Master of Science with a Major in Systems Engineering (MSSE)

What is Systems Engineering?
Systems engineering is the branch of engineering that develops systems, where a system is a collection of elements that work together as a unit. Systems engineering may be applied to large systems, such as power plants, or to small systems, such as circuit components. It may be applied to hardware or to software systems. It may be applied to tangible products such as automobiles or to intangible products such as services or processes. All branches of engineering use the principles of systems engineering.

The goal of systems engineering is development and management of systems (products and services) that satisfy customer requirements considering engineering, technology, environmental, management, risk, and economic factors by viewing the system as a whole, over its life cycle.

Systems engineering is also the practice of “good engineering.” Through systems engineering and related courses, the student gains exposure to a variety of topics such as reliability, quality, logistics/supply webs, operations research, engineering management, software engineering, telecommunications and environmental engineering. “Systems thinking” skills are developed which foster more effective practice for the engineer or engineering manager within the business enterprise. The systems engineering program’s objective is to make you a better engineer or manager by imparting an enhanced understanding of the impact of your engineering decisions, and the impact of other decisions on you.

Why Study Systems Engineering?
Studying systems engineering is useful because it encourages looking at the big picture as opposed to focusing only on details. System engineering covers the total system life cycle, including concept, design, use, maintenance, and disposal. It looks at the system through the eyes of all the stakeholders, such as customers and users, who have an interest in the system. Systems engineering applies science, mathematics, and management to problem-solving in ways that complement all branches of engineering.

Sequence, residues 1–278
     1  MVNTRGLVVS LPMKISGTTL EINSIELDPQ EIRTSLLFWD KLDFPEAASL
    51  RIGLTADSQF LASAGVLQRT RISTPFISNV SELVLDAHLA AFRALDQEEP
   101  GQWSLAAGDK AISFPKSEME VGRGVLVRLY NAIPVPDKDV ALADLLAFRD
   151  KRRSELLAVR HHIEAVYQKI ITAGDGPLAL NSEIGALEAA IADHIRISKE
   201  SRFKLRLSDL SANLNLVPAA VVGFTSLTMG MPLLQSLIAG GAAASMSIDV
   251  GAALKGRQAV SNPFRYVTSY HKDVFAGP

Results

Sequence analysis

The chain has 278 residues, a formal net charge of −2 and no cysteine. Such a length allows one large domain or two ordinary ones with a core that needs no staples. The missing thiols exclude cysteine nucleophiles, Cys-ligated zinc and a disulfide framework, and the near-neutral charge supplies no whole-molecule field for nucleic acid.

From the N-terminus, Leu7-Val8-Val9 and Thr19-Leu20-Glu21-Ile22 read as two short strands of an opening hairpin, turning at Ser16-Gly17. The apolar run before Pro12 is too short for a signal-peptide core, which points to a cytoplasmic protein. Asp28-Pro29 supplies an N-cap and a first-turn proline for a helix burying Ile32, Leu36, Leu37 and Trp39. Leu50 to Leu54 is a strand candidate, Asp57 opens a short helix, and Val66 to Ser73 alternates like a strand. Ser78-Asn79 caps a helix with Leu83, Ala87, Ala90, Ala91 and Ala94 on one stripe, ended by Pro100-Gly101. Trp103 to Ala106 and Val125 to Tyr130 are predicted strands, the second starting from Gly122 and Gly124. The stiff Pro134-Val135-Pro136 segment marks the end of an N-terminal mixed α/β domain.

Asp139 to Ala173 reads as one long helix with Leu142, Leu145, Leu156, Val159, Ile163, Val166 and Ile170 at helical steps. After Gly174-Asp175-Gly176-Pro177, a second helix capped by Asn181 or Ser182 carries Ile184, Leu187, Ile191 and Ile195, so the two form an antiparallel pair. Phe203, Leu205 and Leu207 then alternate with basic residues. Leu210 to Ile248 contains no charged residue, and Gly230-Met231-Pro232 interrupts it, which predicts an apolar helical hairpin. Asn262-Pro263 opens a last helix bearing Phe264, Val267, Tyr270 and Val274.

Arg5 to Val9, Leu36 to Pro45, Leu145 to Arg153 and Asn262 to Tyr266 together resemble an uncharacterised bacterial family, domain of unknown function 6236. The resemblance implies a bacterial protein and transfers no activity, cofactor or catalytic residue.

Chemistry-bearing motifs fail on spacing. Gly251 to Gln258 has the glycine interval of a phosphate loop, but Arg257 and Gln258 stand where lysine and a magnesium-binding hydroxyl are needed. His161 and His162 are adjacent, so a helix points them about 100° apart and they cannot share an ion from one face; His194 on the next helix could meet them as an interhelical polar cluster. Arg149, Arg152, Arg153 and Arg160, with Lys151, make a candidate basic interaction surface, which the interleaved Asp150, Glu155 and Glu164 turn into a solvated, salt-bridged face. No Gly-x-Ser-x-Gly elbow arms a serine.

Why SMU?
The SMU Systems Engineering Program has been developed in response to the growing need by industry and government for engineers who are not only specialists in a particular area, but who have a systems perspective in order to more effectively practice engineering and manage within the business enterprise. The program offers flexibility for: (1) systems engineers who are entering the field, updating skills or acquiring new skills, (2) engineers who need to acquire a broadening of their technical and management education from a systems perspective, (3) engineers with upper-level management aspirations, and (4) engineering students seeking to increase their market value by acquiring knowledge and skills necessary for engineering of products and services from a systems perspective.

In addition,

  • The Systems Engineering Program is designed to build on your engineering/technical education and experience to broaden your exposure while developing your problem definition and problem solving skills. The program is intended to fill a niche between core engineering specialization and a business program.
  • We have a growing program, evolving in response to industry and government needs.
  • Learn from faculty with extensive industry experience and systems-engineering practice.
  • We offer a variety of convenient delivery options to fit your job & personal lifestyle.
  • The program provides life-long access to systems engineering technology resources through the Student and Alumni Council of the Alliance for Systems Engineering Education.

Admission Requirements

  • Bachelor of Science in engineering,* mathematics, or one of the quantitative sciences. (*A Bachelor of Science in an appropriate engineering discipline is required for the System Engineering and Design track.)
  • G.P.A. of at least 3.00 out of 4.00 scale in previous undergraduate and graduate study.
  • A minimum of two years of college-level mathematics, including at least one year of calculus.

Degree Requirements